When writing in your columns (LRB, 1 April) about the Jackson Pollock exhibition at the Tate, I made frequent allusions to the daylight there and to the advantages which I felt it gave this showing over the initial showing at the Museum of Modern Art in New York. All the same, the daylight of late February and early March in which I had seen it when I wrote was not pure daylight. It was augmented by electric light directed from the centre of each module down towards the floor, from which some of it bounced back to hit the walls. And this is the combination of lighting by which the public has generally been seeing the exhibition. With the advent of summer, the Museum has cut out the electric light at times when the weather has been favourable. (To be precise, on those rare occasions when the sunlight has been too strong for the pictures’ physical good, it’s the daylight that has had to be cut out or cut down.) And pure daylight is likely to be used increasingly as the show reaches its impending end. Anyone who sees it in that way, having previously seen it only in mixed lighting, is in for a marvellous shock. I have lately had five opportunities to see it in pure daylight – always the same rather special daylight that is present after six in the evening – and, having previously seen the Pollock retrospectives at Whitechapel in 1958, in New York in 1967, in Paris in 1982, and the present show in New York, each of them several times, I now feel I had never really seen Pollock before.
One thing pure daylight does, especially when it’s fading, is to bring out an inner glow in paintings. A major work by Pollock that hasn’t been looking its best in the mixed lighting at the Tate is the big black drip painting, Number 32, of 1950. I said in my review that it didn’t dance there as it did in the purely electric light, cunningly applied, at MoMA. But in the pure fading daylight it has a darkening inner glow that adds power to the jagged movement of its calligraphy and speeds this up, and it now has the elegant energy of a bucking bronco.
Another great thing about unadulterated daylight is that it doesn’t flatten the intricacies of layered paint, doesn’t separate individual colours out, as any intervention at all of electric light does. The transformation of Blue Poles is the most amazing of the results of pure daylight. Forty years ago this painting, executed in 1952, was generally considered one of the supreme Pollocks, the equal of such 1950 masterpieces as One, Autumn Rhythm and Lavender Mist. Lately it has been much less highly esteemed. The swirling vortices of the tangled bulk of the painting have seemed rather excessively, desperately, almost hysterically, energetic, while the march of the blue poles across the surface has seemed rather too facile a way of imposing order late in the day on a chaos that had got out of hand. In the fading daylight the scattered flashes of vermilion in the tangle have stopped flapping nervously about in our faces. No longer subject in this light to the optical rule that red colours tend to advance towards us, the vermilion bits have retreated into the tangled bulk which they now seem to infuse with a smouldering fire, while we are manhandled by those tight, relentless swirls of whitish and greyish paint.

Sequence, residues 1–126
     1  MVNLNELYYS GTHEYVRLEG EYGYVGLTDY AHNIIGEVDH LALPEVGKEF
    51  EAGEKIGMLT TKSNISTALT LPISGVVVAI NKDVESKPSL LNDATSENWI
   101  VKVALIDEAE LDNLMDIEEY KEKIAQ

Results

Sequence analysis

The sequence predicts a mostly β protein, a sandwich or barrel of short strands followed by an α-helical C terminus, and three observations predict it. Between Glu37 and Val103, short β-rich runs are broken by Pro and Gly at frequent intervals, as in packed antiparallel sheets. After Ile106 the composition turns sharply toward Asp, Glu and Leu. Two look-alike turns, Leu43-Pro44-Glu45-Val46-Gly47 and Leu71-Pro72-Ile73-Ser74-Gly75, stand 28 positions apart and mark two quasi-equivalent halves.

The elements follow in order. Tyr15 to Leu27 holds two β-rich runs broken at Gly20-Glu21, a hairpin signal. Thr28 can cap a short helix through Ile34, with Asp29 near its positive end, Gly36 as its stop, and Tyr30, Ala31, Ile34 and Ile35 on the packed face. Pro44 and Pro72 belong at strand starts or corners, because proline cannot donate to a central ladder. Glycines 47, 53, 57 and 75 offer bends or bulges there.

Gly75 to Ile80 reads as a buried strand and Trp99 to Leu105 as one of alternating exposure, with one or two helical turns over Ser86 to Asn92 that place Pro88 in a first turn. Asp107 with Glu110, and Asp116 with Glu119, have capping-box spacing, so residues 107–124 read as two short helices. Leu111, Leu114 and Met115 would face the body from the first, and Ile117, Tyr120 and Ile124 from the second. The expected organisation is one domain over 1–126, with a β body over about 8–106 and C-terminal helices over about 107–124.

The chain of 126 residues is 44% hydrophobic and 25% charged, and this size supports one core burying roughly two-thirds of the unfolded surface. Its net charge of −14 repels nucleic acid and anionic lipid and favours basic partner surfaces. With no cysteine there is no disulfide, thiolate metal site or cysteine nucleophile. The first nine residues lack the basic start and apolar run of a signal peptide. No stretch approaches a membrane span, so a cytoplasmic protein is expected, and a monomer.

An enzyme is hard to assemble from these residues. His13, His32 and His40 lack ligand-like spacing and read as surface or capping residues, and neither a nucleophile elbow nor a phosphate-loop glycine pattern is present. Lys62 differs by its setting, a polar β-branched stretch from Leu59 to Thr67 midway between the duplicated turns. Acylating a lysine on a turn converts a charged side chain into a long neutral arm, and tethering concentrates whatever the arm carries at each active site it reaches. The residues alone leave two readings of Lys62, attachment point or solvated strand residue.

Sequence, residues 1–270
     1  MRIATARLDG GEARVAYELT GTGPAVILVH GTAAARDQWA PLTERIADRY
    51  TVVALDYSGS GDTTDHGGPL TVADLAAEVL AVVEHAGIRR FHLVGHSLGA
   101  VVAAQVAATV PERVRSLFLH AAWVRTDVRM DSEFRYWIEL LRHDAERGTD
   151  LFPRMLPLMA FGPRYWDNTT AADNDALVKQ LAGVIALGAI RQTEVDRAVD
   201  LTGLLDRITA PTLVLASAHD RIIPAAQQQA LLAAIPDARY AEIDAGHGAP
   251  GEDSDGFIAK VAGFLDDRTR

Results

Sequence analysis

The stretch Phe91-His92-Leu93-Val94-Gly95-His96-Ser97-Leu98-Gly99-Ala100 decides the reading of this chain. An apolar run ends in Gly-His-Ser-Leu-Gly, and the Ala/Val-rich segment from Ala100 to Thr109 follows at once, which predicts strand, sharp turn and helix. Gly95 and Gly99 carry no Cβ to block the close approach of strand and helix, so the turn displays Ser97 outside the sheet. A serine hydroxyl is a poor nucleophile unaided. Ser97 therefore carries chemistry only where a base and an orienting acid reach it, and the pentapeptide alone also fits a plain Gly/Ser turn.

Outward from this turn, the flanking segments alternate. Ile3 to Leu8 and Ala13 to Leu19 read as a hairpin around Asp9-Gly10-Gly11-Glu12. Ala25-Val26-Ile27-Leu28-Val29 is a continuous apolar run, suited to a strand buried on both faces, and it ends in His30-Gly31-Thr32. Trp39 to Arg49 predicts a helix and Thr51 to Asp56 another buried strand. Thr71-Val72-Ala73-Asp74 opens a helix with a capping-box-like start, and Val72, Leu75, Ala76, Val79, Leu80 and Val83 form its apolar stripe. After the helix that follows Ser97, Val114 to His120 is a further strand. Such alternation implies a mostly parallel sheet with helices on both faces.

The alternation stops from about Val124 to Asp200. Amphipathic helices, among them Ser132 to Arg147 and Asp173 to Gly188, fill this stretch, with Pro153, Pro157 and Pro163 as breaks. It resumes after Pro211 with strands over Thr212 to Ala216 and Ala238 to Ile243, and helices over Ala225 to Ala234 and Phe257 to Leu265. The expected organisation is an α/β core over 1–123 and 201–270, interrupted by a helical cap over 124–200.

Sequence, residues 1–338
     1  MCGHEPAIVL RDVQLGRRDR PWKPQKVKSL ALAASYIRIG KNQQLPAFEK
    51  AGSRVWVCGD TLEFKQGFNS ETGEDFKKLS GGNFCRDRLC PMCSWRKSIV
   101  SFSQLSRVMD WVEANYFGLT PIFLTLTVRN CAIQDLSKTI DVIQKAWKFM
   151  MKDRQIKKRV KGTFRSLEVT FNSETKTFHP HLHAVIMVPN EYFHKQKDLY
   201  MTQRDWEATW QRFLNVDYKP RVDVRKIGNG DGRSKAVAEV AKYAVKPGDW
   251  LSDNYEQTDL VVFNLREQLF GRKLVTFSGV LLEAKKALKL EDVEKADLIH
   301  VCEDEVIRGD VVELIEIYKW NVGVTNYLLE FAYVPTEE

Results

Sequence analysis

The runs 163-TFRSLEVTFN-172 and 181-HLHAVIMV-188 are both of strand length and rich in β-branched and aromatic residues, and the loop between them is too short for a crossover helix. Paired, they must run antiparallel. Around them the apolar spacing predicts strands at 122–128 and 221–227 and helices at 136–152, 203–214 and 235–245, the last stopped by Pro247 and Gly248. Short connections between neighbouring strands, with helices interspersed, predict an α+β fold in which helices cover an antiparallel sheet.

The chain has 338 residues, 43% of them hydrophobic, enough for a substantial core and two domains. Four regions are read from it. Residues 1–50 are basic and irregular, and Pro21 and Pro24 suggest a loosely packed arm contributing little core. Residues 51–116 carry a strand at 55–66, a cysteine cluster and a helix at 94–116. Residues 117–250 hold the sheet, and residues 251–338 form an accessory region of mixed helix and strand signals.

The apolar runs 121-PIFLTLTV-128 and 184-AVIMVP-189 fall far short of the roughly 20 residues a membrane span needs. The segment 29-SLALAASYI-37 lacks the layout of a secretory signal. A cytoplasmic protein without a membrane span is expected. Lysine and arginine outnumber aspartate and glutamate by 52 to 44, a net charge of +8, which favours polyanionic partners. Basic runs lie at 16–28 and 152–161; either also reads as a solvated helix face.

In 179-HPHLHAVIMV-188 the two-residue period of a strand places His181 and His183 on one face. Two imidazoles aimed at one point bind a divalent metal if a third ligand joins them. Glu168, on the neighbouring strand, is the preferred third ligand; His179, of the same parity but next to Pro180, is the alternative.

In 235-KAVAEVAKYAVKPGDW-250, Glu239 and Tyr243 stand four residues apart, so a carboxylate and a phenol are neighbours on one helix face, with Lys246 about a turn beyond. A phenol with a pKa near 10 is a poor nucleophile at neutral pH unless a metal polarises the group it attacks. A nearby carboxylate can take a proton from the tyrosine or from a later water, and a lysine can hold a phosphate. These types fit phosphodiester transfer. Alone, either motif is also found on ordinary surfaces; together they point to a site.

Another major work that gains significantly from unadulterated daylight is Mural, 1943-44. In my review I said that, because of the way it was hung at the Tate, it wasn’t as overwhelming as in New York, that it didn’t gather us up so forcefully. But it looks about as good as it can when no electric light is there to separate the strands of colour from one another. In that procession across the huge canvas of thick curving black lines, those lines look much less black, much less outstanding, so that there is much less sense of repetition in the design, much more sense of a comprehensive alloverness. The composition now, instead of pummelling us with a succession of heavy blows, gathers our bodies up in an irresistible but rather caressing embrace.